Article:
United States Donald Trump fails once again to repeal Obamacare

United States Donald Trump fails
United States Donald Trump fails

United States: Donald Trump fails once again to repeal Obamacare

United states Donald Trump fails This was one of Donald Trump’s great campaign promises: Obamacare’s repeal. However, it was de facto dead Tuesday, July 18 after several senators of the majority announced their opposition. A scathing failure for the US president, only six months after arriving at the White House. An outright repeal vote will be organized in the coming days but, unless it bounces back, it should fail.

Donald Trump appeared resigned to the blockade of the Republican reform of the health system, stating that the 2010 Democratic law signed by his predecessor, if not dismantled, would end up dying under his own weight anyway. “Let Obamacare collapse, it will be simpler,” he said from the White House. “We will let Obamacare fail, and then the Democrats will come to us.”

Plan B torpedoed by Republicans

The US president did not imagine that keeping the Republican promise to repeal the 2010 law would bog down until the summer. In January, he expected a quick repeal. But the plan devised by the majority, halfway between a repeal and a reform, met with the opposition of conservatives and moderates.

On Monday evening, the majority announced a plan B: to vote for an outright repeal of the Affordable Care Act, challenging the senators of the group to oppose what they always promised their constituents. The Congress would then have had two years to concoct a hypothetical reform of health insurance, on new foundations.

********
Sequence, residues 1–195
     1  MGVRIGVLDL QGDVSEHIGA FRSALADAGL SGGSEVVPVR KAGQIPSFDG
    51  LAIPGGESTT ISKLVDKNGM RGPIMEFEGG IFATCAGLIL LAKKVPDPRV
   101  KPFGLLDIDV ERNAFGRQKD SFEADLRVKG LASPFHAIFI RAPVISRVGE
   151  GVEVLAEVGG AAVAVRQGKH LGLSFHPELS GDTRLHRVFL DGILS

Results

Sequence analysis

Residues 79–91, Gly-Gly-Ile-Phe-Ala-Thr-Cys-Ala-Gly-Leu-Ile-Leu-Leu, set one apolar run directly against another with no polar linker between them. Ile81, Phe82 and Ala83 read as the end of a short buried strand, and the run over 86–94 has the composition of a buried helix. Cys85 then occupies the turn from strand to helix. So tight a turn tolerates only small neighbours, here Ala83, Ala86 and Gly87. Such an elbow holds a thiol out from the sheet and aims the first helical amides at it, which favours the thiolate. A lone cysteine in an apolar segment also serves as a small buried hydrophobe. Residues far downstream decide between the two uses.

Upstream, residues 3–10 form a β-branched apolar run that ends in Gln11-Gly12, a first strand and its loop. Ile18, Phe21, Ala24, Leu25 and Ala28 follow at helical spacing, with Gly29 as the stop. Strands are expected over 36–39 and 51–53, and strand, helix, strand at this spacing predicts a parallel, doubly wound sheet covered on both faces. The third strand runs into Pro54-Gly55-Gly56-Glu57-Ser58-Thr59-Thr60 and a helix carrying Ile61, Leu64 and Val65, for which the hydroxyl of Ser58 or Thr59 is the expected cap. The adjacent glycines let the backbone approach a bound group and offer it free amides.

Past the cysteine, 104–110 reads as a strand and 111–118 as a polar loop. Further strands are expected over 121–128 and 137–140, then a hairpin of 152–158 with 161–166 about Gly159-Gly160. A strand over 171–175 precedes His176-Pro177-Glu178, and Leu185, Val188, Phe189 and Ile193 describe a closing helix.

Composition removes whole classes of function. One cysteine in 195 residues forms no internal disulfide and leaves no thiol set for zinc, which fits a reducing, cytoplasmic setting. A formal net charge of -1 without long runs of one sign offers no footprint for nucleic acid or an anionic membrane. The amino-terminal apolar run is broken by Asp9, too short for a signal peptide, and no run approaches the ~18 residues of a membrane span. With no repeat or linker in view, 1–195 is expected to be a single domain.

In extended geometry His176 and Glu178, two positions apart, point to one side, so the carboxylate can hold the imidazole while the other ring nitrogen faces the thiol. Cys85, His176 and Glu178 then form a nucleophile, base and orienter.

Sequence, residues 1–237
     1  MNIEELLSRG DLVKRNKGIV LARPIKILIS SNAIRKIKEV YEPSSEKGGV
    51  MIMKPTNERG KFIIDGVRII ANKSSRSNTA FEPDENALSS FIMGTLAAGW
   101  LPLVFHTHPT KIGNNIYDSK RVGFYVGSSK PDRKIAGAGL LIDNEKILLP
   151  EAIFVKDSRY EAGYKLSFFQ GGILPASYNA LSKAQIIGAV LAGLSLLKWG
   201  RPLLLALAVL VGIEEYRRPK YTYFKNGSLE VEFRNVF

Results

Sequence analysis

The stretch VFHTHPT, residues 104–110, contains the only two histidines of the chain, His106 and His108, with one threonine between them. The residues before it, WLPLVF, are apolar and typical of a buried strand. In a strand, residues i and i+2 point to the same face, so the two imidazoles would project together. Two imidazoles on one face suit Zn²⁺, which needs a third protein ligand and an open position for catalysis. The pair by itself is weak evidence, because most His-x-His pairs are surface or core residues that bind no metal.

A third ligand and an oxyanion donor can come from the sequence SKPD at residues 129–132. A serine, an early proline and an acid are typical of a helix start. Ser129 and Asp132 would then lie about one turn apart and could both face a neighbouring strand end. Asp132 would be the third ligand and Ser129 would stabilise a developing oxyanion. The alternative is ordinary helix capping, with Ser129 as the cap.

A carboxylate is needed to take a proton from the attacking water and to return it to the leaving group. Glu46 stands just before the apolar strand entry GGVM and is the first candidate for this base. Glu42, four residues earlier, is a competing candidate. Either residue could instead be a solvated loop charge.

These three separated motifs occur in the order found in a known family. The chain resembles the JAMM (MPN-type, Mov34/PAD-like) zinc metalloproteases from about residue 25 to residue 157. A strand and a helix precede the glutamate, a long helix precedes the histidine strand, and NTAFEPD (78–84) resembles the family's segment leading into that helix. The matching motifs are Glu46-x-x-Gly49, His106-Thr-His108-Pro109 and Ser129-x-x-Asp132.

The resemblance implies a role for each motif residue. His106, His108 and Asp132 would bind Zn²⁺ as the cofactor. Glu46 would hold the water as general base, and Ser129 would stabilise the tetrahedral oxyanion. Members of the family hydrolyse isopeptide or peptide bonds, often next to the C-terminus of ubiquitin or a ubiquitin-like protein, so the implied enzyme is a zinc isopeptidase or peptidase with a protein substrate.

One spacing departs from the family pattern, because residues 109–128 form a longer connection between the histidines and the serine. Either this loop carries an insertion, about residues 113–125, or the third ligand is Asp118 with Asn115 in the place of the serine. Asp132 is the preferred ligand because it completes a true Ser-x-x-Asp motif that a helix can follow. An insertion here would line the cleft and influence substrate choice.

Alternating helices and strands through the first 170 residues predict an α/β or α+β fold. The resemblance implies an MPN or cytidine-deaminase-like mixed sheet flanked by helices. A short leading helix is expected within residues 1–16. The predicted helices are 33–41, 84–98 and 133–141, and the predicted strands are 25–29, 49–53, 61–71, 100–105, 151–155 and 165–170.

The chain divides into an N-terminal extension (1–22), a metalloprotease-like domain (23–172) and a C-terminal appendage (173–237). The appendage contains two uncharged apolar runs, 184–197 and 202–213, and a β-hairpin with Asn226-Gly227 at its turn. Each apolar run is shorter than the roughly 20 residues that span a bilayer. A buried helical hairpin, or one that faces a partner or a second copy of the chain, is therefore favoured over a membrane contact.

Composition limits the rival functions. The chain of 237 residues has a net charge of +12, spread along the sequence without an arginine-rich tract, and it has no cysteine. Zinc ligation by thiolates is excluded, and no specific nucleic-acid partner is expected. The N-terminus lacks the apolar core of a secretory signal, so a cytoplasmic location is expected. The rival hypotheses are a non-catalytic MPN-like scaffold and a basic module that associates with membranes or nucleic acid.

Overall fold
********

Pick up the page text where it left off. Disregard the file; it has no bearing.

But Plan B was torpedoed immediately by three moderate Republicans who represent each of the states where access to care in rural areas is likely to be reduced by a total repeal of Obamacare.

Sabotage to come?

“I did not come to Washington to hurt people,” said Shelley Moore Capito of the very poor state of West Virginia. Despite these defections, the strongman of the Senate, Mitch McConnell, decided to hold a repeal poll “in the very near future”, which would look like a baroud of honor. According to his number two John Cornyn, this procedural vote will take place this week. With 52 members out of 100, the Republican group can only afford two defections.

In reality, Mitch McConnell already sees beyond health. “We are going to deal with tax and infrastructure reform. There is still a lot of work to be done,” he said. And he rejected the idea that the first six months of the year were unsuccessful, stressing that Congress had abrogated several economic and environmental regulations of the Obama era. The record, however, is slim, while the Republicans control all the levers of power.

A “sabotage” for the Democrats

Initially, the Republican Reform Project was not intended to completely repeal the 2010 law, which became a relatively popular law as millions of people benefited from it. The scaffold compromise was judged to be wobbly and unacceptable to both the Conservative wing and the moderate party.

The Obamacare saga illustrates the dysfunctional relationship between the White House and the Congress. The republican billionaire has publicly pressured parliamentarians to get a victory, whatever it is, but without investing in the details of the reform.

His proposal to let Obamacare die is to let the weaknesses

of the private health insurance market increase, putting pressure, he said, on the Democrats to get along with the Republicans to repair the system .

The logic of Donald Trump is all policy: he is convinced that in the face of Obamacare’s problems, voters will sanction the Democrats and not his government.

Democrats, for their part, denounce the future “sabotage” of the health system for electoral purposes. The president, in any case, swore his revenge in the legislative elections of November 2018. “We must elect more Republicans. And we must get those who voted against,” he threatened.